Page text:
Today I am sharing a popular recipe from Angelicious – sweet potato falafels. This recipe produces a delightfully creamy falafel with a wonderful blend of spices, flavour and sweetness.
They are easy to make and serve well hot, as well as cold (so perhaps you’d like to make a big batch and enjoy them all week long as little snacks or with your salads or in sandwiches).
From regular falafels to baked sweet potato falafels
Falafel was traditionally a deep-fried middle eastern dish. You can enjoy this healthier, naturally gluten-free version by baking them in the oven instead – yay!
Cumin and coriander are great warming spices that not only complement our health but also add the sort of flavoursome bite that lends itself perfectly to middle eastern cuisine.
Sweet potatoes bring a gorgeous soft texture and creaminess to this dish, whilst adding a myriad of important nutrients (being particularly high in vitamins A & C, B vitamins, manganese and copper).
Health benefits of sweet potato
They are especially high in vitamin A (in the form of beta-carotene)… in fact, one sweet potato is said to carry at least 400% of your RDA!
They also have high levels of Vitamin C & the B vitamins, manganese, potassium, copper, phosphorus, antioxidants – to name a few.
Who’d have thought that one of the most delicious vegetables could be such a nutritional powerhouse? As if that’s not enough, they’ve also been shown to help regulate blood sugar levels (even in people with type 2 diabetes).
There’s a printable recipe below with the ingredient list. It’s pretty easy to make them. You basically cook the sweet potatoes, crush the garlic, pop everything in the food processor or blender (see my tips for using a hand blender which is my favourite method to make this sort of thing).
If you don’t have the equipment you can even just use a good old-fashioned potato masher (and while we are at it, I have even made this by mashing the ingredients with a fork). So no excuses hahaha.
Place on a baking tray and bake in a preheated oven at gas mark 6 or 7 (200 ̊C/220 ̊C or 400 ̊F/425 ̊F) for approximately 30 minutes or until tanned.
- 300g sweet potatoes
- 2 large cloves garlic
- 1 handful fresh coriander leaves
- 200g chickpeas (1 tin drained)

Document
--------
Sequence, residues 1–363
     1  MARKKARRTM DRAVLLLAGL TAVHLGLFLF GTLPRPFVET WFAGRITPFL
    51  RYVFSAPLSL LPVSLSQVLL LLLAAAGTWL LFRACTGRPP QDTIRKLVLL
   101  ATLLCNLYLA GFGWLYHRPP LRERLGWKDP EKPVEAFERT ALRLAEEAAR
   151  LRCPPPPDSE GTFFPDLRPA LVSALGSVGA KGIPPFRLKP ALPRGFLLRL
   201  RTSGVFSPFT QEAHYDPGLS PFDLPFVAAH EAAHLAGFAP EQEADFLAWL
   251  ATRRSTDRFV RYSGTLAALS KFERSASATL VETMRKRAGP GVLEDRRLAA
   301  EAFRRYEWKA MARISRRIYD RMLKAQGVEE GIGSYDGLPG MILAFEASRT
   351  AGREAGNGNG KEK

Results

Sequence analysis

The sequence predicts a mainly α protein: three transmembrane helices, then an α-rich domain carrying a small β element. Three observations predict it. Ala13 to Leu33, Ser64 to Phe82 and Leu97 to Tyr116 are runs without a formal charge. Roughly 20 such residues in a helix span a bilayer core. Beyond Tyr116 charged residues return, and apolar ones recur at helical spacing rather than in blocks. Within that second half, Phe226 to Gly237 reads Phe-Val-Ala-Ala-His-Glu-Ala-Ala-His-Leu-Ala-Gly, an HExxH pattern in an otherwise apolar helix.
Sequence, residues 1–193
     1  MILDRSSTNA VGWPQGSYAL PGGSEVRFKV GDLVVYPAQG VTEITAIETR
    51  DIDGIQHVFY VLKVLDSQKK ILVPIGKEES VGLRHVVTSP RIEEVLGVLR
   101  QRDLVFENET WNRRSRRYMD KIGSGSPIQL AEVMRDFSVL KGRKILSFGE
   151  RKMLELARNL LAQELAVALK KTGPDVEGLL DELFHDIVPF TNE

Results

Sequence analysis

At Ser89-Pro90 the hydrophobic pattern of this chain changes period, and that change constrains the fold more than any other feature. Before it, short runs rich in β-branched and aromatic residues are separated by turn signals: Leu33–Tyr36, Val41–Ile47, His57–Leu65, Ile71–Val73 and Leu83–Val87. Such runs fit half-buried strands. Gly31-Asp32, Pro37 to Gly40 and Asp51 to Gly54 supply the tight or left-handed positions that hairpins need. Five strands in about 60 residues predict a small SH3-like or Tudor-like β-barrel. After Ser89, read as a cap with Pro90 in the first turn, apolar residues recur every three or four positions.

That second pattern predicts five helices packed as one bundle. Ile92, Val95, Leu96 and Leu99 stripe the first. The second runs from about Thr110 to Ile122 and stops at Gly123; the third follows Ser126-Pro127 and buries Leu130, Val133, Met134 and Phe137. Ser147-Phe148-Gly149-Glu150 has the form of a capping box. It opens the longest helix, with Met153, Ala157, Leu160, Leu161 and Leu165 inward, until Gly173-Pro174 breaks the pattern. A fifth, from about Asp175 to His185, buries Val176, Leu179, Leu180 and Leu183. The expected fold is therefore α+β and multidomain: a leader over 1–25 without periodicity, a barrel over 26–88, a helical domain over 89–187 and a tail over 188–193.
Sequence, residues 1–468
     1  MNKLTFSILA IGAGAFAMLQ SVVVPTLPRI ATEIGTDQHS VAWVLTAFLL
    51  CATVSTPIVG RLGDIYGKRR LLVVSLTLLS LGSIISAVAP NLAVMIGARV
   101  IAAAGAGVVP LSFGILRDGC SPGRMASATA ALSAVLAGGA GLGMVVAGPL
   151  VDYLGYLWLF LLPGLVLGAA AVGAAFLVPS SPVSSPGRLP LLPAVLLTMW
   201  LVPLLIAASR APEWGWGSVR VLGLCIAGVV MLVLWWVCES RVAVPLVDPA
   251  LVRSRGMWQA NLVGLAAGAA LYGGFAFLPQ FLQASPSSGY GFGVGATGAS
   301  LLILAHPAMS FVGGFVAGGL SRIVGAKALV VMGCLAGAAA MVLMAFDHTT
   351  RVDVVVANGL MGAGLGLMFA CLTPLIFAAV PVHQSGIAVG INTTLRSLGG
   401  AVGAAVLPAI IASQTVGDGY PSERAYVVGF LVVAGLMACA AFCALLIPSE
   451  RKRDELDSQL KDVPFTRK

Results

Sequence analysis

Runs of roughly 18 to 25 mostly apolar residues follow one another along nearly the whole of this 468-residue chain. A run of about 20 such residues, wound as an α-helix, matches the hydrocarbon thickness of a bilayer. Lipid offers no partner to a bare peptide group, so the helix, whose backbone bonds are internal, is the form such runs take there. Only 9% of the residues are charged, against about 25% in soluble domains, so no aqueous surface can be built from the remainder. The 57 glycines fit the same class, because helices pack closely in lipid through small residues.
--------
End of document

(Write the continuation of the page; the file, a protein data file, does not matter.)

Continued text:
- 1⁄4 teaspoon ground cardamom
- 2 heaped teaspoons ground coriander
- 1 heaped teaspoon ground cumin
- 1 heaped teaspoon sea salt
- 2 tablespoons gram flour (chickpea flour)
- Extra gram flour for rolling with
- Scrub and chop the sweet potato (skins on) and boil (or steam) until soft (approximately 10 minutes). Then drain and place in a mixing bowl.
- Crush the garlic.
- Chop the coriander leaves as small as you can with a sharp knife.
- Put all the ingredients (except the gram flour) into a blender or food processor. I find this actually works best with a hand blender, which means you can apply downward pressure and get in there nicely... if you use a jug blender or food processor it will work best if you keep scraping down the sides to loosen the mixture. Alternatively, you could go for the real rustic effect and use a strong potato masher to do the job instead. Whatever your method, blend until most of the mixture is broken down. It doesn’t need to be totally smooth - it can be quite rustic.
- Once blended, add the gram flour and continue to thoroughly mix with a spoon. If you leave the prepared mixture on the side for a while (half an hour or half a day) then it will warm up a little, making it slightly easier to roll. If I have time, I let it stand, but that’s not essential.
- Chickpea moisture varies from batch to batch. The mixture should be soft and pliable, easy to roll into a ball in your hands. Roughly divide into 12 and roll into balls. If your mixture is too soft to roll well, add a little extra gram flour or use gram flour to roll in.
- Place on a baking tray and bake in preheated oven at gas mark 6 or 7 (200 ̊C/220 ̊C or 400 ̊F/425 ̊F) for approximately 30 minutes or until tanned.
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